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A multicentre study on quarantined healthcare workers during the first wave of COVID-19 pandemic: Lessons learned in a resource limited setting

Authors:

D. Govindapala ,

General Sir John Kotelawala Defence University, Rathmalana, LK
About D.
Department of Clinical Sciences, Faculty of Medicine
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D. Nakkawita,

General Sir John Kotelawala Defence University, Rathmalana, LK
About D.
Department of Paraclinical Sciences, Faculty of Medicine
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H. Jayasena,

General Sir John Kotelawala Defence University, Rathmalana, LK
About H.
Department of Clinical Sciences, Faculty of Medicine
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P. Jayasekara,

General Sir John Kotelawala Defence University, Rathmalana, LK
About P.
Department of Clinical Sciences, Faculty of Medicine
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V. Navaratne,

General Sir John Kotelawala Defence University, Rathmalana, LK
About V.
Department of Paraclinical Sciences, Faculty of Medicine
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H. Abeygoonawardena,

General Sir John Kotelawala Defence University, Rathmalana, LK
About H.
Department of Clinical Sciences, Faculty of Medicine
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P. Kawyangana,

General Sir John Kotelawala Defence University, Rathmalana, LK
About P.
Department of Paraclinical Sciences, Faculty of Medicine
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A. Gamage,

General Sir John Kotelawala Defence University, Rathmalana, LK
About A.
Department of Paraclinical Sciences, Faculty of Medicine
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A. D. De Silva

General Sir John Kotelawala Defence University, Rathmalana, LK
About A. D.
Department of Paraclinical Sciences, Faculty of Medicine
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Abstract

Introduction: Facing a pandemic is quite challenging for resource-poor healthcare settings. As the COVID-19 pandemic unfolded, healthcare workers (HCWs) had to work with insufficient skills, knowledge and experience regarding the novel coronavirus, which increased their risk of infection.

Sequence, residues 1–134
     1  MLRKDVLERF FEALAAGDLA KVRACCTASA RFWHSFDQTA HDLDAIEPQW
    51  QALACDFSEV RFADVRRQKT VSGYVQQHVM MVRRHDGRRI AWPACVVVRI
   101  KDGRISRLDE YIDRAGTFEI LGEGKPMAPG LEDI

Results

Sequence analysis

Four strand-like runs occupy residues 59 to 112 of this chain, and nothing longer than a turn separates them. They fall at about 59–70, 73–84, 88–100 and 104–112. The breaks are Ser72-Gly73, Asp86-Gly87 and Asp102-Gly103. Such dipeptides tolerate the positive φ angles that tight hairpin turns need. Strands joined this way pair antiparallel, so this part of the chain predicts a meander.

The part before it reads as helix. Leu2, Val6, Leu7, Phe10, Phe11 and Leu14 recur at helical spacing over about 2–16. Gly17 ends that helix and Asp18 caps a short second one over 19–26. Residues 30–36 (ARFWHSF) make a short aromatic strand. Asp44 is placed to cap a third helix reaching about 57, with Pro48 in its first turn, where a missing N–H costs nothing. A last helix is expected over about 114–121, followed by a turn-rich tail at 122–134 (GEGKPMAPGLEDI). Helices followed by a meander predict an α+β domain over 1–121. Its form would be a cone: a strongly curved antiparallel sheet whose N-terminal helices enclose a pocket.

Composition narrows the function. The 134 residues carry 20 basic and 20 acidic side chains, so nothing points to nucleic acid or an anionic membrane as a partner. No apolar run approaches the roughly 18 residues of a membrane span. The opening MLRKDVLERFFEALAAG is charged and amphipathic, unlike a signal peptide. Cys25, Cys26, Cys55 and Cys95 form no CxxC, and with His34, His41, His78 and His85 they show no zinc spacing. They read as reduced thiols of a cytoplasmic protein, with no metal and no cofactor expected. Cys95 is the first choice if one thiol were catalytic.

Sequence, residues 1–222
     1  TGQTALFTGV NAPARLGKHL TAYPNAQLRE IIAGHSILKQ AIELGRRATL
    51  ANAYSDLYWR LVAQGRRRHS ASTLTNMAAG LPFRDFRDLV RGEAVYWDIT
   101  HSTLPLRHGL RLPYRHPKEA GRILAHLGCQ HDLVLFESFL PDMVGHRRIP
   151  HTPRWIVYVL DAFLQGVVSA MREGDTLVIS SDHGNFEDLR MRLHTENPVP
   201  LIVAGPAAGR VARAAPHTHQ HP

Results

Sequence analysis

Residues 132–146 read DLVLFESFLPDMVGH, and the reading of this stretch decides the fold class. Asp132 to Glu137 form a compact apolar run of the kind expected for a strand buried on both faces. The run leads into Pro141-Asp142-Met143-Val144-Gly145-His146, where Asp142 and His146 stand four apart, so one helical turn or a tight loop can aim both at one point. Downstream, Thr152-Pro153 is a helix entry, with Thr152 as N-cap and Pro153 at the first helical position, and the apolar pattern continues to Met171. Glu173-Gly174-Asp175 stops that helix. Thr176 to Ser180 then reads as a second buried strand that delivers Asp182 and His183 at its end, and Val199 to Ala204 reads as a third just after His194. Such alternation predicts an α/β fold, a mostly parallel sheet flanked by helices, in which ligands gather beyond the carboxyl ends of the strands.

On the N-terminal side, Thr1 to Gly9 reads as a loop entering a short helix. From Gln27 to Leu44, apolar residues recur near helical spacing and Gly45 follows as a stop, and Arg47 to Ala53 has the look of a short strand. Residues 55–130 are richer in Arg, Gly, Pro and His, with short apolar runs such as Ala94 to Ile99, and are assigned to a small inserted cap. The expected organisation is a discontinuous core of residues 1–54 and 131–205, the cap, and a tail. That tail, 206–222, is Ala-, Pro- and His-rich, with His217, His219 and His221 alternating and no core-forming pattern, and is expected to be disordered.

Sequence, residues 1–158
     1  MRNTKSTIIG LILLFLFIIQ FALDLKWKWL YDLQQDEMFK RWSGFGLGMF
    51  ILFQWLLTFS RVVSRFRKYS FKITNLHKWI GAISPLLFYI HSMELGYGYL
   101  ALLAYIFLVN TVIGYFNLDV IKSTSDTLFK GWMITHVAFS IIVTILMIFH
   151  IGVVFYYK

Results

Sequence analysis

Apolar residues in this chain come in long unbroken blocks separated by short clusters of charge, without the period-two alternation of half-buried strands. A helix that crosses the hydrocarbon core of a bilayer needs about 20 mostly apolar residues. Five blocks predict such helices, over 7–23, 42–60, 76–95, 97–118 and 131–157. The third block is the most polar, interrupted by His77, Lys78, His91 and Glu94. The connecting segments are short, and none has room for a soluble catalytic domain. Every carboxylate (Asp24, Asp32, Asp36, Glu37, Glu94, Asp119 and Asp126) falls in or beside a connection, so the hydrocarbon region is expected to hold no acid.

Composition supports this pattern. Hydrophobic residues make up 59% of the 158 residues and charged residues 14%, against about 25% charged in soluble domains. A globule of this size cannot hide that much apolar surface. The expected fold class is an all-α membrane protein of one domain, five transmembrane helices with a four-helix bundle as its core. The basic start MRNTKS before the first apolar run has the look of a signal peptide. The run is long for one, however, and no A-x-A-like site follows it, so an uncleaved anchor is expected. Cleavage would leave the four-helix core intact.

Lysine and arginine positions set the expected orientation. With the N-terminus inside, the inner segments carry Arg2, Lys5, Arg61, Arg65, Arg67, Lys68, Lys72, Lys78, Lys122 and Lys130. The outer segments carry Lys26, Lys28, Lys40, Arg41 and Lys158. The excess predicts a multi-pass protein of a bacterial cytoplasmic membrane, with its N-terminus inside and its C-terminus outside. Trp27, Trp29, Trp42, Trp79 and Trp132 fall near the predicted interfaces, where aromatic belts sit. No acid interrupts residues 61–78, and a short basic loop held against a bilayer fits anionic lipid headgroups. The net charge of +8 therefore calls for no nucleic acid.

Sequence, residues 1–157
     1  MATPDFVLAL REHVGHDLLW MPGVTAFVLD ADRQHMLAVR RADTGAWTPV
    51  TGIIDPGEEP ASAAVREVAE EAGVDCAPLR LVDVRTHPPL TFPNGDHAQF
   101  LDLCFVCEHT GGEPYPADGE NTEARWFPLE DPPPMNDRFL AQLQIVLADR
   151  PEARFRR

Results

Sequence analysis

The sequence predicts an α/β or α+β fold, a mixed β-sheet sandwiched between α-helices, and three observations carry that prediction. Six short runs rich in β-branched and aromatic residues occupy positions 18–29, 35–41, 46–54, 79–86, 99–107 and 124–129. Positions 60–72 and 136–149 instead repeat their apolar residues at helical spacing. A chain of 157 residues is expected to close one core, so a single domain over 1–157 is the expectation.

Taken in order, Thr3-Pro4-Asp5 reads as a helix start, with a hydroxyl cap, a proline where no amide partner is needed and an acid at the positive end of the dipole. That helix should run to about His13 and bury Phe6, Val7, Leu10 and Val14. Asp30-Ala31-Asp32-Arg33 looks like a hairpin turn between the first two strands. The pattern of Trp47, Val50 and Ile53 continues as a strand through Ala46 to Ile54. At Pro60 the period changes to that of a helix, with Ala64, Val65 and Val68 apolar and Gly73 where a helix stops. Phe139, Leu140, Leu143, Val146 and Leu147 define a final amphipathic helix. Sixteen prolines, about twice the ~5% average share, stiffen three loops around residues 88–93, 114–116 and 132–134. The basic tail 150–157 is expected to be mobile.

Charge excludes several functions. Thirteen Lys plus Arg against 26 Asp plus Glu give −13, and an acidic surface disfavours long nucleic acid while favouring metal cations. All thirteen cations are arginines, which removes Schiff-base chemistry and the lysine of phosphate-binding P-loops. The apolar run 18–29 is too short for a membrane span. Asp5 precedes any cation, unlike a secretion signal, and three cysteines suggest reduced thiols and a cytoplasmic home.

Methods: This study aimed to determine the personal protective equipment (PPE) usage, exposure characteristics, clinical outcomes and seroprevalence of SARS-CoV-2 antibodies among a group of quarantined HCWs in seven hospitals in the Western province of Sri Lanka, during the first wave of the pandemic. Data were collected using an intervieweradministered questionnaire and a serum sample was collected at six weeks of exposure to detect SARSCoV- 2 specific IgG antibodies. Both descriptive statistics and chi square test were performed to identify distribution patterns and associations.

 

Results: Of 167 quarantined HCWs, 89(53.3%) had high-risk exposures, while 78 (46.4%) reported lowrisk exposures. Eighty-four HCWs have been exposed when interacting with the patient’s environment and 90.5% of them were not using recommended PPE. None of the HCWs wore N95 or higher respirators when performing aerosolgenerating procedures. SARS-COV-2 RT-PCR assay was performed only on 117 (70.1%) HCWs, with 49.6% of them being subjected to the test after 14days of exposure. SARS-CoV-2 specific IgG antibodies were detected in 31(18.6%) HCWs. A high seroprevalence was observed among HCWs over 40 years (n=13, 29.5%) (P=0.029).

 

Conclusions: This study illustrated an imperfect adherence to PPE recommendations and high transmission of COVID-19 amongst HCWs. The observed inappropriate use of RT-PCR assay and unwarranted quarantining of HCWs in a limited resource setting is concerning.

How to Cite: Govindapala, D., Nakkawita, D., Jayasena, H., Jayasekara, P., Navaratne, V., Abeygoonawardena, H., Kawyangana, P., Gamage, A. and De Silva, A.D., 2022. A multicentre study on quarantined healthcare workers during the first wave of COVID-19 pandemic: Lessons learned in a resource limited setting. Journal of the Ceylon College of Physicians, 53(1), pp.26–34. DOI: http://doi.org/10.4038/jccp.v53i1.7948
Published on 23 Jun 2022.
Peer Reviewed

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